MELBOURNE (Reuters) - A break-out 2014 season and a career-high ranking of five has added extra weight to Kei Nishikori’s shoulders, with the U.S. Open finalist already bearing the burden of huge expectations in his home country Japan.
Nishikori became the first man from an Asian country to reach a grand slam final at Flushing Meadows and though the 25-year-old wears the distinction with pride, he also feels the pressure to take the extra step.
Nishikori reached the fourth round of the Australian Open on Saturday with a 6-7(7) 6-1 6-2 6-3 win over much-improved American Steve Johnson at the Hisense Arena.
But the fifth seed still has a huge mountain to climb at Melbourne Park with top seed Novak Djokovic and defending champion Stan Wawrinka likely to stand in the way of a maiden final in Australia.
“Obviously number five is a different feeling than outside of the top 10 because you still feel a lot of confidence, but you feel other things off the court,” Nishikori told reporters.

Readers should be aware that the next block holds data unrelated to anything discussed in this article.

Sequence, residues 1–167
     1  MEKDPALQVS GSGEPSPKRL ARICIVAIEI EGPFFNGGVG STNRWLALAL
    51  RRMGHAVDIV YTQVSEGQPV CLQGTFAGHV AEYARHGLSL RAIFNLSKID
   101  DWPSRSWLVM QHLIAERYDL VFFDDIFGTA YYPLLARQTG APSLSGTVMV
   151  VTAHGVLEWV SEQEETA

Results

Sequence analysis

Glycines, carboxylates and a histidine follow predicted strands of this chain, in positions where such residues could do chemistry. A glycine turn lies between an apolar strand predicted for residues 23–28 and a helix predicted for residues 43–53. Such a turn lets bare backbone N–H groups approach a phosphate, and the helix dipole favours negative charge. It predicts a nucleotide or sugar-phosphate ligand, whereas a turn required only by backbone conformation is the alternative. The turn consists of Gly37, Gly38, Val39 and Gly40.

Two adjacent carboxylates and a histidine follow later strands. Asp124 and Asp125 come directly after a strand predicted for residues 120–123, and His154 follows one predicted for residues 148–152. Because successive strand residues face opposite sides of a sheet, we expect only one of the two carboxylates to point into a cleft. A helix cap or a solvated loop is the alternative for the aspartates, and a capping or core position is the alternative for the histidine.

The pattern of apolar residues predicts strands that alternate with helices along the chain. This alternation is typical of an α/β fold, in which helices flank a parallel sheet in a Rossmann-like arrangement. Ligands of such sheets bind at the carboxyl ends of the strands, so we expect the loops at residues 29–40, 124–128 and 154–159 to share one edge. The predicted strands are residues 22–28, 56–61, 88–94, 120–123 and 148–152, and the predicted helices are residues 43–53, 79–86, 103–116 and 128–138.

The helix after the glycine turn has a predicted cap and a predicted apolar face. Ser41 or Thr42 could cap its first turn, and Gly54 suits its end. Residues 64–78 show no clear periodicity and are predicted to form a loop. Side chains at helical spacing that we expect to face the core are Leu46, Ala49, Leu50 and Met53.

”I think I feel more pressure than before. I try not to think too much. But you obviously feel a little bit. It’s still not comfortable for me to be this ranking.
“But I think I need more time to get used to it. If I can play good tennis, I think I have a lot of chance to stay here this whole year. You know, practise hard and prepare good. Hopefully I can do good this week and next week.”
Nishikori will have one less distraction at Melbourne Park before his fourth-round match against David Ferrer, with Japan’s national soccer team bombing out of their Asian Cup title defense in Australia.
The defending champions lost a penalty shoot-out to underdogs United Arab Emirates in Sydney on Friday much to the disappointment of huge fan Nishikori.
“Yeah, (I‘m) disappointed because I think they really had a chance of winning the whole thing. So really sad to see,” he said.
“I hope tennis gets bigger in Japan, Asia. But I love soccer. So I hope lot of kids start playing soccer, too.”
Editing by Michael Hann